On the heels of the health insurance takeover staged by the House of Representatives this week, a handful of state attorneys general have filed lawsuits challenging its constitutionality.
This is amazing, because normally one hears from state AGs when they’re doing something horrid, like shaking down businesses, re-regulating industries (cigarettes, accounting firms – remember?), and, on occasion, illegally engaging ladies of the night. So, it’s especially heartening to see some attorneys general doing something good, for a change.
“The Constitution nowhere authorizes the United States to mandate, either directly or under threat of penalty, that all citizens and legal residents have qualifying health care coverage,” the lawsuit filed by 12 (so far) of the attorneys general argues, in part. The AGs argue, specifically, that the “individual mandate” exceeds Congress’s power under the Commerce Clause of the Constitution.
The outcome is far from certain. My colleague Hans Bader, for example, harbors doubts as to whether the Commerce Clause argument will win over a majority of justices on the U.S. Supreme Court.
The lawsuit further argues, in part, that the bill violates the 10th Amendment, which reserves powers not delegated to the federal government by the Constitution, nor prohibited to the States, to the States or to the people. The argument is that the federal government lacks authority in the Constitution to force states to carry out mandats without reimbursing them for costs.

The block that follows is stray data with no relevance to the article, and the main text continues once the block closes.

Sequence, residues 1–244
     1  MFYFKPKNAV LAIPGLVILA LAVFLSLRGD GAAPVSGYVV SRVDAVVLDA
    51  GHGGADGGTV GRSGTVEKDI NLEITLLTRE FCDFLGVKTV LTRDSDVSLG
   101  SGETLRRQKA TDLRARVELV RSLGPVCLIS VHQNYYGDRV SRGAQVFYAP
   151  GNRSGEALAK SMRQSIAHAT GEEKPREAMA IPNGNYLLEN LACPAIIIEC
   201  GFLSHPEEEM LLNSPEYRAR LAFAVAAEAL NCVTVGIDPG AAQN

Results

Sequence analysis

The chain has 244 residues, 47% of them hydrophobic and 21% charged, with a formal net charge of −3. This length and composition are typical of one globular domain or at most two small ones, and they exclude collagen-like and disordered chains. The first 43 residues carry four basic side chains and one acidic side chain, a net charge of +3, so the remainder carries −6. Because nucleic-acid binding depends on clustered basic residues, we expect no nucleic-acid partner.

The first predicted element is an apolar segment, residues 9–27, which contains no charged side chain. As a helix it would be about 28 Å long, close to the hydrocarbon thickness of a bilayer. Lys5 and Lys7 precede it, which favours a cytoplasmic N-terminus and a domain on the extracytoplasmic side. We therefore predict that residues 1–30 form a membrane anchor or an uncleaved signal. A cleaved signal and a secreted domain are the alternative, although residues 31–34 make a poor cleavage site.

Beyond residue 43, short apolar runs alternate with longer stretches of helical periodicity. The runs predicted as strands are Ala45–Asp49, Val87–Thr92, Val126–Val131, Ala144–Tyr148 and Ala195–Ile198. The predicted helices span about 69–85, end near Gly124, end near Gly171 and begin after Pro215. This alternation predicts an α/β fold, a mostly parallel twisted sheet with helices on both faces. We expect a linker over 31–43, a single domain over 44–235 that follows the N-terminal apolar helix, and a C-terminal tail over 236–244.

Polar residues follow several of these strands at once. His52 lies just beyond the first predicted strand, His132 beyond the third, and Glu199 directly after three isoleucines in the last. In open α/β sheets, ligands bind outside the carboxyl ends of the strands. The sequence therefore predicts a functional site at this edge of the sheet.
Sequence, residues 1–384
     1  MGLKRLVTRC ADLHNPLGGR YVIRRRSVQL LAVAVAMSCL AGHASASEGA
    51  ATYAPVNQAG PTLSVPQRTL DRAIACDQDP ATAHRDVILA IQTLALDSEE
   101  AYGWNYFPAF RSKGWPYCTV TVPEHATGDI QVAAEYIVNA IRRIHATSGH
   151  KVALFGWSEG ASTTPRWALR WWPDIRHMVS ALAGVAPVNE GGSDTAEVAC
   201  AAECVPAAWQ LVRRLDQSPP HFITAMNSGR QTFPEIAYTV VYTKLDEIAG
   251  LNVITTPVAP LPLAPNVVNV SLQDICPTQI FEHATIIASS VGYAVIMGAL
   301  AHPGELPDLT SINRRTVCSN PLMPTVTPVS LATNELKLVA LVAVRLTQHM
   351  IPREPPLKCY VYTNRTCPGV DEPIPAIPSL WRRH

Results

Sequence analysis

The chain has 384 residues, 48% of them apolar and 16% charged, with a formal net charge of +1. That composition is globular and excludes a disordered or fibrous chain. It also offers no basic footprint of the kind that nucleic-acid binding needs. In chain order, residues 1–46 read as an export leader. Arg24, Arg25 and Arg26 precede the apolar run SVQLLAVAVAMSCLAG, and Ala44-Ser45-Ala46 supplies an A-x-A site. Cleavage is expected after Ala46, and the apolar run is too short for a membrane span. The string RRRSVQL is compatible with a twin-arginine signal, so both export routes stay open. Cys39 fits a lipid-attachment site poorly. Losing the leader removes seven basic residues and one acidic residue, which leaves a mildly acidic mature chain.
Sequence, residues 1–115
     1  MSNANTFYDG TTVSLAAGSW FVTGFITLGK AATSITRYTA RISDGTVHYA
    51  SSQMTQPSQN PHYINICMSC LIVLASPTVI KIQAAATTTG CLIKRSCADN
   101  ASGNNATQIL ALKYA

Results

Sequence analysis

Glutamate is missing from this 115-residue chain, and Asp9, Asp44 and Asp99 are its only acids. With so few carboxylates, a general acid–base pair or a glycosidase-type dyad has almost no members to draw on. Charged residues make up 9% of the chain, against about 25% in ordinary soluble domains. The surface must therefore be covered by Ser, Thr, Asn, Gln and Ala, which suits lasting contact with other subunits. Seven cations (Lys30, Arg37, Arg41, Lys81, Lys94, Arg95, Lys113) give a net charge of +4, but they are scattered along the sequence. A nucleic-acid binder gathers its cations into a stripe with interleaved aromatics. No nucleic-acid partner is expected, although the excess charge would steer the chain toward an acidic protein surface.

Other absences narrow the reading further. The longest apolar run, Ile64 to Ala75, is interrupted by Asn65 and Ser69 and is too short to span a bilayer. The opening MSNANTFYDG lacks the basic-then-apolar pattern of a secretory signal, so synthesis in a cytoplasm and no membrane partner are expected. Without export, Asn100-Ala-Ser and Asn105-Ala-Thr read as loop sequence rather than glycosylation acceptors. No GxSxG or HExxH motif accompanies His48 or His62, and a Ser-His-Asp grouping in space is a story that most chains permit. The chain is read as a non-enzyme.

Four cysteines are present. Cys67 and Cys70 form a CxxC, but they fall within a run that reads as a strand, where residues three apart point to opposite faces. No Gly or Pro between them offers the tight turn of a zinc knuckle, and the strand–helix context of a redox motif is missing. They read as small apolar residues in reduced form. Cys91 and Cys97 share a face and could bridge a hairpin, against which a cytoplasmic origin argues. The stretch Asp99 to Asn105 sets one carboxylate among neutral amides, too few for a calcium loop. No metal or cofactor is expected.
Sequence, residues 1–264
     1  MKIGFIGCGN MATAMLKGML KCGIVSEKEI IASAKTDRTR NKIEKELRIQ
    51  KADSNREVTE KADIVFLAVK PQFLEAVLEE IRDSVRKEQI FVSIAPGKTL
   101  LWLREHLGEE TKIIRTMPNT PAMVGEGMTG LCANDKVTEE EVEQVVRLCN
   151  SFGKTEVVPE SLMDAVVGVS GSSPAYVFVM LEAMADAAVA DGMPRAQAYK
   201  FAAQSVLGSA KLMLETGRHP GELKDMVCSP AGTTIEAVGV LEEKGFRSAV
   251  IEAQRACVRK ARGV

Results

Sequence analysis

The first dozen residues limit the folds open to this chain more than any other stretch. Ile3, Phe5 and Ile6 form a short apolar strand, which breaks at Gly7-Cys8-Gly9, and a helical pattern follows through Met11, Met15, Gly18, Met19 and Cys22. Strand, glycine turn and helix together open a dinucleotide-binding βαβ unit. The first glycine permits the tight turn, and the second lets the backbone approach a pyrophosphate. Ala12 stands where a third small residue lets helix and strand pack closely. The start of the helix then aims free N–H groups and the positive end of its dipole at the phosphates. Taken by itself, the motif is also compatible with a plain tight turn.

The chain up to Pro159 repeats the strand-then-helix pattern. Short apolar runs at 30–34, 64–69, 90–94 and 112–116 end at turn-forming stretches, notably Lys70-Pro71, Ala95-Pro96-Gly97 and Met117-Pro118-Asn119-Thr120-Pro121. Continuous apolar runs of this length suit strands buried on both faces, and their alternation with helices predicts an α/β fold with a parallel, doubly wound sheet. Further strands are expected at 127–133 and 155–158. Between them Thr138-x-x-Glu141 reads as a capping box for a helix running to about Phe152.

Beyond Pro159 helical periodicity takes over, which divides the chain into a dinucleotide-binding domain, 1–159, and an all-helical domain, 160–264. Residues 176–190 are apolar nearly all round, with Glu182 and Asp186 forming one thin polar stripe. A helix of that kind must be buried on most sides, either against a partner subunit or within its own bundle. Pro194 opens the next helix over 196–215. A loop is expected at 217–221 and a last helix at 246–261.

Virginia’s attorney general has filed a similar, separate lawsuit, because the federal law conflicts with the the state’s own Virginia Healthcare Freedom Act.
has been planned in the months leading up to final passage of the bill. He’s joined by attorneys general from South Carolina, Nebraska, Texas, Michigan, Utah, Pennsylvania, Alabama, South Dakota, Idaho, Washington, Colorado and Louisiana – all Republicans, but for Louisiana Democrat James “Buddy” Caldwell.is taking the lead in the lawsuit, which
The Obama Department of Justice has announced it will defend the health care bill against the state lawsuits. Whatever the outcome, these attorneys general deserve kudos and praise for taking decisive action against a manifestly unjust – and harmful – power grab by President Obama and his fellow Democrats in Congress.